Welcome back to Summer Sucks. For this week's installment, we're talking about ants, a lousy summer house guest and an even worse midday snack. [Warning: Graphic ant content below]
This is difficult to talk about, so I'm just going to launch into it: Last week, while sitting in the office preparing to enjoy a homemade chocolate chip cookie, I inadvertently disseminated and possibly ate a significant number of ants.
The cookies had been given to me by a talented baking friend, and I guess they'd been left on my kitchen counter overnight, wrapped in loosely-secured tin foil. I brought them to work on Thursday, then spent most of the morning looking forward to my afternoon reward. Around lunchtime, I placed the cookies on our shared desk clump, at which point [shudders] a torrent of ants spilled out, seemingly surprised to find themselves in Manhattan.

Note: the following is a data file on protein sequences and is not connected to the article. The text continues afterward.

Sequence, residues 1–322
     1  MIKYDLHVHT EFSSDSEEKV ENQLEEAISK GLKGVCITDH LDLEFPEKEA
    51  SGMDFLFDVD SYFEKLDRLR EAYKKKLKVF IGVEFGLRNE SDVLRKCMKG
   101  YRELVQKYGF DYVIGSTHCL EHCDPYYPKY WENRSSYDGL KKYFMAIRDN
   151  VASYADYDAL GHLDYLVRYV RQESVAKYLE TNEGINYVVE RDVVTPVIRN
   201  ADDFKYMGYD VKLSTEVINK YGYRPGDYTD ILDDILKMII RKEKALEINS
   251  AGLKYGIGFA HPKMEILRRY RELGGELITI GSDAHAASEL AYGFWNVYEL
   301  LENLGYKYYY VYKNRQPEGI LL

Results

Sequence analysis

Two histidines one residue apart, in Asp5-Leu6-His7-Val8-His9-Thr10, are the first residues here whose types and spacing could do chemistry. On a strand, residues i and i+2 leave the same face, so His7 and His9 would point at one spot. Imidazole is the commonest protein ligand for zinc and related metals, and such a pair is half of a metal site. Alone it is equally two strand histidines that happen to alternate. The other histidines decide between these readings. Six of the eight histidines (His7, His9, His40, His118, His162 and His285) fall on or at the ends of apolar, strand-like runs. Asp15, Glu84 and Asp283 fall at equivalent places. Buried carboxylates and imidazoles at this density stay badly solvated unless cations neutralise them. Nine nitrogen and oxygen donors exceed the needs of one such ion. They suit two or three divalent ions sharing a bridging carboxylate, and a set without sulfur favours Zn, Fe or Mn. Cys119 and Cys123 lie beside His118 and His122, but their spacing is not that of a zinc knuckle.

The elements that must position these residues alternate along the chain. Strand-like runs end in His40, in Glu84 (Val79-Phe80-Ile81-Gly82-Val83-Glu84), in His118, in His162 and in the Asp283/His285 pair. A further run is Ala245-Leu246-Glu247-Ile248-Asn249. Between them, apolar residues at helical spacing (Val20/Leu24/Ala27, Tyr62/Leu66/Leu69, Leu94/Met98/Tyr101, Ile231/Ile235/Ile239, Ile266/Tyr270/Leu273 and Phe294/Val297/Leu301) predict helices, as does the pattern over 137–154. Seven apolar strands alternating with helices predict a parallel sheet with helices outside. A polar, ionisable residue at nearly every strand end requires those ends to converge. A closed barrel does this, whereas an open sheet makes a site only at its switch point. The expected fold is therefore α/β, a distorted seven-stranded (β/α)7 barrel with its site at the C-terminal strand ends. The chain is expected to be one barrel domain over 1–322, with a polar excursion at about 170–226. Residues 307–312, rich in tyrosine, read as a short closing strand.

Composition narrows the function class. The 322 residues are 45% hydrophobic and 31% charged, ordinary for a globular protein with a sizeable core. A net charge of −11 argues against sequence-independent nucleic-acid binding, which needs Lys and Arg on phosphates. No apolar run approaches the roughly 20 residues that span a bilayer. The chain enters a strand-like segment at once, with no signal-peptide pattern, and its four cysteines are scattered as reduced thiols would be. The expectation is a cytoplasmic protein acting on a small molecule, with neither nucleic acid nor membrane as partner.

The realization that I'd been infiltrated, that my delicious snack had already been claimed, came moments after swallowing a medium sized bite. Given the circumstances, I'd say I played it cool.
"It was a really piercing wail," witness Jake Dobkin recalls. "I have a seven year old daughter with a bug phobia and I can honestly say I've never heard a person scream louder than Jake O. did that day." (There are conflicting reports on this point.)
launched into a hysterical panic handled the situation calmly and professionally, quick-thinking Gothamist editor Chris Robbins took care of the many-legged pile with Windex and napkins. A few more ants have allegedly been spotted in the area since, though their origins remain unconfirmed. I did not get sick. I did have a semi-violent dream of being trapped in a pulsating ant farm.
And that's about all I would like to say about the workplace-ant-cookie debacle for now, and also, forever.
Unfortunately, nearly a week later, the situation on the ground has only worsened. These sneaky fuckers are still rampaging through my apartment, rubbing their spindly antennae on the counters, probing the bathroom for chunks of toothpaste. They are a well-organized syndicate, composed of multiple flanks moving ceaselessly and with great purpose.